Ceruloplasmin in the circulation is believed to be primarily produced by the liver , . However, the present data suggest a hitherto unknown contributing role of adipose tissue. In line with earlier findings , , the circulating levels were increased in obesity. Furthermore, adipose secretion was markedly increased in obese versus non-obese subjects. Our estimates suggest that adipose tissue in obesity contributes with up to 22% to the circulating levels of ceruloplasmin and this secretion explained as much as 45% of the inter-individual variation in plasma ceruloplasmin in both non obese and obese subjects. The relationship between circulating and adipose-secreted ceruloplasmin was independent of BMI or body fat mass. It should be stressed that the estimated in vivo values are calculated based on in vitro results which may be different from those in vivo. Moreover, the results may be gender biased since the adipose tissue microarray data used herein was from women while assumptions on ceruloplasmin distribution were partly based on a previous study in men . In fact, although we measured ceruloplasmin secretion in adipose tissue from women, we used male data for total body water  since the latter values were obtained using a state-of-the-art technique. However, total body water values for women measured with the less accurate biompedance method are comparable with those used in our present calculations, namely 0.527±0.04, 0.472±.03, and 0.426±0.028 l/kg body weight in lean, overweight and obese females, respectively .
Finally, our study examined only subcutaneous adipose tissue. Since expression and secretion of some adipokines are differentially regulated in different fat depots , we do not know whether ceruloplasmin expressed and released from other depots may display other correlations with obesity. On the other hand, subcutaneous adipose tissue is by far the body's largest fat depot and therefore quantitatively the most important determinant of circulating adipokine levels.
In summary, by bioinformatically performing a systematic screening for genes overexpressed in obesity associated cancers, this study identified ceruloplasmin as a novel human adipokine. Its secretion and expression are increased in obesity and adipose ceruloplasmin is a major contributor to the circulating ceruloplasmin level.
We would like to thank all members of the FANTOM5 consortium for contributing to generation of samples and analysis of the data-set and thank GeNAS for data production.
Note: RIKEN Omics Science Center ceased to exist as of April 1st, 2013, due to RIKEN reorganization.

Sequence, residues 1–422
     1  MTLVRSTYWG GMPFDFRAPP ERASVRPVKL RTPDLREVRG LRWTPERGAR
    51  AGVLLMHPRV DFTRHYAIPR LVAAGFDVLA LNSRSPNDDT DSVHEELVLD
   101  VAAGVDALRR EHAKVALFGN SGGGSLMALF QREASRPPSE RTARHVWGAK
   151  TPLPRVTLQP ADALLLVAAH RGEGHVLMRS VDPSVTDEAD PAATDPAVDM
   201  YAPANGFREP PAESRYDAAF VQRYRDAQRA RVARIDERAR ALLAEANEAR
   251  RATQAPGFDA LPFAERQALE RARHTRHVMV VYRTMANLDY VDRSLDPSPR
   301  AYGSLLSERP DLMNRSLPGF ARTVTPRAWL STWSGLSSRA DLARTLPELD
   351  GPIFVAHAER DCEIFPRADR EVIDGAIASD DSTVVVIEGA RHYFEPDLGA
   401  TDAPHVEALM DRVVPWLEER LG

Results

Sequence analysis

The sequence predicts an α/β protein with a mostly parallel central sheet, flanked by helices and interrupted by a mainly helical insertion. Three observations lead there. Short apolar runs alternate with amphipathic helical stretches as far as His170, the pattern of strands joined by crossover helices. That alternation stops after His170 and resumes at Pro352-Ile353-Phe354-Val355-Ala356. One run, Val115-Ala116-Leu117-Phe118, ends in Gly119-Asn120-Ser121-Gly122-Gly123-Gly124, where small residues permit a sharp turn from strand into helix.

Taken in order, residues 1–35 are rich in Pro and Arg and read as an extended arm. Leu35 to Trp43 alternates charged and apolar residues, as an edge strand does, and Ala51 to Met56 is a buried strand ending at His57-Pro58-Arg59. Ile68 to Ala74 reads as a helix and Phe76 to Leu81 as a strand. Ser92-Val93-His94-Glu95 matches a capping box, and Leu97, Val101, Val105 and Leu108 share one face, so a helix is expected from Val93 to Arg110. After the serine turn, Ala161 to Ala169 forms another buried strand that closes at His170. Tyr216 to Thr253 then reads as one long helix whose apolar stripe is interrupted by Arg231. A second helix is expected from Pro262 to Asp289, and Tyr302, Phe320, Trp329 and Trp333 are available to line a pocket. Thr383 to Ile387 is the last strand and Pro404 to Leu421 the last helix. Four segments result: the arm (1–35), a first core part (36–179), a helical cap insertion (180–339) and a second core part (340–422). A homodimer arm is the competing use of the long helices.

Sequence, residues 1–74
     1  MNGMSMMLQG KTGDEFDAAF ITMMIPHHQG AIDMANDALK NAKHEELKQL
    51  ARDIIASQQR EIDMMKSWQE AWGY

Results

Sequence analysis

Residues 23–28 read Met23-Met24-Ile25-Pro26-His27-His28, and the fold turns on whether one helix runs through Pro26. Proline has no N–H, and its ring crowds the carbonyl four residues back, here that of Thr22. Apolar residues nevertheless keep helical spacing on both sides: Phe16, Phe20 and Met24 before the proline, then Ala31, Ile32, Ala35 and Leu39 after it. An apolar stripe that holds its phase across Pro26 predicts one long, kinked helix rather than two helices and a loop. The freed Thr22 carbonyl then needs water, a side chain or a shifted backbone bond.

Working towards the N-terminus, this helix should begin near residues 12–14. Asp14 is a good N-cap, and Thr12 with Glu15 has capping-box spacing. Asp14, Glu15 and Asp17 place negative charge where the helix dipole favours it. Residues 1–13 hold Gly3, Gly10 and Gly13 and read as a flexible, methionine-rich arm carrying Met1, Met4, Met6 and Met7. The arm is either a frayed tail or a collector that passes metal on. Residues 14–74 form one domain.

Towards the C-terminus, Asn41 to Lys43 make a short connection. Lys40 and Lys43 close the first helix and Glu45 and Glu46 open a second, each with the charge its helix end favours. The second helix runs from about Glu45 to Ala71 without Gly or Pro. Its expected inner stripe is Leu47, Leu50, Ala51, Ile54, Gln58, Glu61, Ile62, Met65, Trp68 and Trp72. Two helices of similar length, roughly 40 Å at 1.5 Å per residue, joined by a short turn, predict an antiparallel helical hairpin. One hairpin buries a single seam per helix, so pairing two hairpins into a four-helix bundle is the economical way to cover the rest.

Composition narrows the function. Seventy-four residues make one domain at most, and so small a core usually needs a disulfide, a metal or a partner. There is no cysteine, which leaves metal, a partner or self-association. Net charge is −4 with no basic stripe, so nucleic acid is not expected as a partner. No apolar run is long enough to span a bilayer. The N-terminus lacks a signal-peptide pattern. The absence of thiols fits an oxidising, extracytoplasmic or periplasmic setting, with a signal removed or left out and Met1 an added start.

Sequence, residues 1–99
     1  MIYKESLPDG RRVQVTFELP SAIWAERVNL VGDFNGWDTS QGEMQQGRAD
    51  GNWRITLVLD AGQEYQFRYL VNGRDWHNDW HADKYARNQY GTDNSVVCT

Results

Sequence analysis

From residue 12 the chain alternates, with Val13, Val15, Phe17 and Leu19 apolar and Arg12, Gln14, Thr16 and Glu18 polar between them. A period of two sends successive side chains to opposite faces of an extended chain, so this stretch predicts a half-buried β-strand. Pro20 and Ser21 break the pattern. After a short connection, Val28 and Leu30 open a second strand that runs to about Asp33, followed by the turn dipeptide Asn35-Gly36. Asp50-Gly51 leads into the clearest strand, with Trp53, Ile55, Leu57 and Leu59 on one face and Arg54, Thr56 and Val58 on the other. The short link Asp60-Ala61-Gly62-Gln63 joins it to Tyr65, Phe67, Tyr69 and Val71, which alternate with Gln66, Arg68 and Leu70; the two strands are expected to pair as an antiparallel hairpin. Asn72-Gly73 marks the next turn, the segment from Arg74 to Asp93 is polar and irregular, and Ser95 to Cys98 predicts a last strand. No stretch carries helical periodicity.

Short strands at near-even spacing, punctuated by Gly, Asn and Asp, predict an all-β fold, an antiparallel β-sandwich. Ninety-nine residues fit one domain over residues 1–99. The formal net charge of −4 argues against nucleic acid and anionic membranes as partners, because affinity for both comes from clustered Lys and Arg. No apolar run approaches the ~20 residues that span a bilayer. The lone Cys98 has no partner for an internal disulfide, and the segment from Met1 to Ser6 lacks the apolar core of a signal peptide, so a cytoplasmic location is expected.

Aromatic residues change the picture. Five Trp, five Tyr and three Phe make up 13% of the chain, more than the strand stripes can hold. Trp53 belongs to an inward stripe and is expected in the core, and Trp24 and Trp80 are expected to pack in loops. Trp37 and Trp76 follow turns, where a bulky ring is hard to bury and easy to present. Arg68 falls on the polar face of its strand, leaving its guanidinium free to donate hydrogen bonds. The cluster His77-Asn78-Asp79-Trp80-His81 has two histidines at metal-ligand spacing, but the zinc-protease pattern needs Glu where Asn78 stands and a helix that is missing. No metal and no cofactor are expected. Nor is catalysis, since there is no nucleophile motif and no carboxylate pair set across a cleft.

Conceived and designed the experiments: EA ARRF AE NM MI HK TL JL MR PA. Performed the experiments: AE NM MI JL. Analyzed the data: EA HK TL MR PA. Contributed reagents/materials/analysis tools: AE NM MI JL MR PA. Wrote the paper: EA MR PA.
- 1. Haslam DW, James WP (2005) Obesity. Lancet 366: 1197–1209.
- 2. WCRF (2007) Food, nutrition, physical activity and the prevention factor of cancer: A global perspective. American Institute for Cancer Research 2nd edn. Washington, USA.
- 3. Renehan AG, Tyson M, Egger M, Heller RF, Zwahlen M (2008) Body-mass index and incidence of cancer: a systematic review and meta-analysis of prospective observational studies. Lancet 371: 569–578.
- 4. Park J, Euhus DM, Scherer PE (2011) Paracrine and endocrine effects of adipose tissue on cancer development and progression. Endocr Rev 32: 550–570.
- 5. Chen J (2011) Multiple signal pathways in obesity-associated cancer. Obes Rev 12: 1063–1070.
- 6. Ribeiro R, Monteiro C, Catalan V, Hu P, Cunha V, et al. (2012) Obesity and prostate cancer: gene expression signature of human periprostatic adipose tissue. BMC Med 10: 108.
- 7. Zhang Y, Daquinag AC, Amaya-Manzanares F, Sirin O, Tseng C, et al. (2012) Stromal progenitor cells from endogenous adipose tissue contribute to pericytes and adipocytes that populate the tumor microenvironment. Cancer Res 72: 5198–5208.
- 8. Mayi TH, Daoudi M, Derudas B, Gross B, Bories G, et al. (2012) Human adipose tissue macrophages display activation of cancer-related pathways. J Biol Chem 287: 21904–21913.
- 9. Lehr S, Hartwig S, Lamers D, Famulla S, Muller S, et al.. (2012) Identification and validation of novel adipokines released from primary human adipocytes. Mol Cell Proteomics 11: M111 010504.
- 10. Forrest ARR, Kawaji H, Rehli M, Baillie JK, de Hoon MJL et al.. (2014) A promoter level mammalian expression atlas. Nature. doi: 10.1038/nature13182
- 11. Arner E, Mejhert N, Kulyte A, Balwierz PJ, Pachkov M, et al. (2012) Adipose tissue microRNAs as regulators of CCL2 production in human obesity. Diabetes 61: 1986–1993.
- 12. Lonnqvist F, Nordfors L, Jansson M, Thorne A, Schalling M, et al. (1997) Leptin secretion from adipose tissue in women. Relationship to plasma levels and gene expression. J Clin Invest 99: 2398–2404.
- 13. Laurencikiene J, Skurk T, Kulyte A, Heden P, Astrom G, et al. (2011) Regulation of lipolysis in small and large fat cells of the same subject. J Clin Endocrinol Metab 96: E2045–2049.
- 14. Raison J, Achimastos A, Bouthier J, London G, Safar M (1983) Intravascular volume, extracellular fluid volume, and total body water in obese and nonobese hypertensive patients. Am J Cardiol 51: 165–170.
- 15. Hellman NE, Gitlin JD (2002) Ceruloplasmin metabolism and function. Annu Rev Nutr 22: 439–458.
- 16. Yu X, Lin J, Zack DJ, Qian J (2006) Computational analysis of tissue-specific combinatorial gene regulation: predicting interaction between transcription factors in human tissues. Nucleic Acids Res 34: 4925–4936.
- 17. Pruitt KD, Tatusova T, Brown GR, Maglott DR (2012) NCBI Reference Sequences (RefSeq): current status, new features and genome annotation policy. Nucleic Acids Res 40: D130–135.
- 18. Benjamini Y, Hochberg Y (1995) Controlling the false discovery rate: a practival and powerful approach to multiple testing. Journal of the Royal Statistical Society Series B (Metholodogical) 57: 289–300.
- 19. Healy J, Tipton K (2007) Ceruloplasmin and what it might do. J Neural Transm 114: 777–781.
- 20. Kim OY, Shin MJ, Moon J, Chung JH (2011) Plasma ceruloplasmin as a biomarker for obesity: a proteomic approach. Clin Biochem 44: 351–356.
- 21. Cignarelli M, DePergola G, Picca G, Sciaraffia M, Pannacciulli N, et al. (1996) Relationship of obesity and body fat distribution with ceruloplasmin serum levels. Int J Obes Relat Metab Disord 20: 809–813.
- 22. Ritz P, Vol S, Berrut G, Tack I, Arnaud MJ, et al. (2008) Influence of gender and body composition on hydration and body water spaces. Clinical Nutrition 27: 740–746.
- 23. Fain JN, Madan AK, Hiler ML, Cheema P, Bahouth SW (2004) Comparison of the release of adipokines by adipose tissue, adipose tissue matrix, and adipocytes from visceral and subcutaneous abdominal adipose tissues of obese humans. Endocrinology 145: 2273–2282.